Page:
• If you take a super (a box of frames) off a hive and you are working to time, it's probably best to rest it on a sheet or a piece of board, because otherwise when you pick it up again there will be a small heap of bees on the ground who will then have to find their own way home - if you have them on a sheet, you can shake them back in to the hive.
  • Mel's friend Tony is GREAT at 'banging' bees off frames and floors.
  • You CAN move bees that are in a WBC by transferring them to a National Hive first.
That's the lot, I think, unless Mel or B has anything to add. I think it was a great confidence builder for all four of us, all being relatively new to beekeeping. We agreed that it was probably an A-level bee-keeping exercise, or maybe first or second-year degree level, and I think we did okay.

Sunday, 8 July 2007

positive global change, downsizer and ethical living

I haven't had a 'green' post for a while - so partly to justify Mel nominating me as 'Blogger for Positive Global Change'* and partly because hell, I just feel like it, excuse me while I get those tubs out and thump them, loudly.

Firstly, to take part in the meme, I need to nominate five bloggers who I think are trying to change the world in an environmentally positive way. Here are my five (the instructions for participation are down at the foot of the page). I don't think that to change the world in a positive way one needs to do BIG things. Small, everyday things are what are going to tip the balance - making informed choices about where we source the things we buy - not just food; whether we put an extra sweater on before turning up the heating; whether we buy new things or mend the things we have; whether we get the bus rather than take the car. All of these people do some or all of these things in some way.

  1. Kitchen Witch - lives in a cob cottage with variable running water in deepest Devon, UK; keen vegetable grower and find-a-solution-yourself-er.
  2. Voluntary Simplicity - Living a sustainable lifestyle in a council house in North Lincolnshire, UK.
  3. 10 Signs Like This - Jamie lives on a few acres in Georgia, USA and is an author for the 'Eat Local Challenge'.
  4. Turquoise - Based near Chester, UK. Allotmenteer, my Sensible Childcare Guru.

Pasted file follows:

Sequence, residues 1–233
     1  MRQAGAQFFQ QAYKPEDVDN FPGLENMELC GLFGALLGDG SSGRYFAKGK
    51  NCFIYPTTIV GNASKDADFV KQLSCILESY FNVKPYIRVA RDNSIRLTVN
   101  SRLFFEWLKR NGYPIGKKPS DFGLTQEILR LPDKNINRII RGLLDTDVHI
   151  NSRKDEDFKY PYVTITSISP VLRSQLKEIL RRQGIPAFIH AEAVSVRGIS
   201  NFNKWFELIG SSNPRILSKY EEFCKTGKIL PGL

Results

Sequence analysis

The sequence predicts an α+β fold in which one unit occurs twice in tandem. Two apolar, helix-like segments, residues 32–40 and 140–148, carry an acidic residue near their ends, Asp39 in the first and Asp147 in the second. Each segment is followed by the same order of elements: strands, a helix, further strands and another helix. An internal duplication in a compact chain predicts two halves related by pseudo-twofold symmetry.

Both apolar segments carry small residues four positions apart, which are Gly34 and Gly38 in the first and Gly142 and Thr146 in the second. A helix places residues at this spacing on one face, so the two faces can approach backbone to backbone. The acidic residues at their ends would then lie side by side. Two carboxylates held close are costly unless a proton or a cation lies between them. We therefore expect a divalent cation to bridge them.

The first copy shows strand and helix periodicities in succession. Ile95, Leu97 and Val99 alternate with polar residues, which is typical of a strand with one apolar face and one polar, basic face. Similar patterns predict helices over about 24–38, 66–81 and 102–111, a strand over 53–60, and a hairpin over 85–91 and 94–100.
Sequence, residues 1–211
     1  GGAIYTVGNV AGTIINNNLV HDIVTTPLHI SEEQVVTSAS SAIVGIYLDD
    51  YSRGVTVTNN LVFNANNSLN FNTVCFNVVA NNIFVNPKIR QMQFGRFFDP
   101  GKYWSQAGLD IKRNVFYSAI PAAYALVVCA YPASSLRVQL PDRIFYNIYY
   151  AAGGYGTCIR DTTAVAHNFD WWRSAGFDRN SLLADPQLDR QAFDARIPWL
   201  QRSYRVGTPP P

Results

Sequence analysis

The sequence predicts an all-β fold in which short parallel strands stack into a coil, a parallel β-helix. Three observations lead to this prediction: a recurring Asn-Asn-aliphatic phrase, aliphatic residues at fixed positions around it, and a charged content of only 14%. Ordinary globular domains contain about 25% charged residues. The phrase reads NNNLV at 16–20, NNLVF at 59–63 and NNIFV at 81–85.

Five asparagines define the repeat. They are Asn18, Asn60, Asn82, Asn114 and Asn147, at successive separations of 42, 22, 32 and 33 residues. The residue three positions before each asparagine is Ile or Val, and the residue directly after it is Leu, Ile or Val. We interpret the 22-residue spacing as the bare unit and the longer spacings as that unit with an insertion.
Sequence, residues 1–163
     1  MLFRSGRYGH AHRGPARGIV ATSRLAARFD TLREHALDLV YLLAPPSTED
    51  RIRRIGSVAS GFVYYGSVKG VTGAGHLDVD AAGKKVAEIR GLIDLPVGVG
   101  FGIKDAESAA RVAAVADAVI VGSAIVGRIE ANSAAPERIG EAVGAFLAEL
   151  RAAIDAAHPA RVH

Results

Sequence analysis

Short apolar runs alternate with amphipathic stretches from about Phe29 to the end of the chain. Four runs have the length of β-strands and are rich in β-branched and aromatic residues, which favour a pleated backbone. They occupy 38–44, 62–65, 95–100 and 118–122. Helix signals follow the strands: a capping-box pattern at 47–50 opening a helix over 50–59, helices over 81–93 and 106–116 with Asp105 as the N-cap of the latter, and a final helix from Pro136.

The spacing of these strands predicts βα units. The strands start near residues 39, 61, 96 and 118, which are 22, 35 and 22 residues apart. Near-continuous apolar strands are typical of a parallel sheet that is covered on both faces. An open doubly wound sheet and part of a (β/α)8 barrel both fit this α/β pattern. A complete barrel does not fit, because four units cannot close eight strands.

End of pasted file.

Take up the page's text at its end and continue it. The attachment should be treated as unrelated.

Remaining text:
5. Ludlow Lass - A relatively new blogger, Ludlow Lass is in to wild food and is involved with the 'slow food' movement. She also keeps bees, hens and ducks.

If you'd like to participate, folks, see below.

Secondly, although not a blog, this seems a really good moment to mention If you are interested in sustainability issues, making stuff yourself rather than buying it , growing and preparing your own food and chatting to people who are in to the same kind of thing, downsizer may be for you.

I've been spending quite a lot of time over there during the last twelve months - there are articles, hints and tips and a very friendly discussion forum that is much more rational and respectful, and much more knowledgeable (about everything, not just downsizer-y type stuff) than many others I've come across in the past. There are also groups of people who live quite close together who meet up pretty regularly in real life. Despite this, it is NOT 'clique-y' - it's very friendly and welcoming. It's largely UK based - but there are members from all over the world.

Thirdly, can I remind you about my ethical living links page? I will be updating it over the next few weeks, so if there is anything you think should be included, please let me know.

Tomorrow: Vampire problems? Not here - we've harvested our garlic crop!

* A meme started by Climate Of Our Future. Here are the rules for participation:
  1. When you get tagged, write a post with links to up to 5 blogs that you think are trying to change the world in a positive way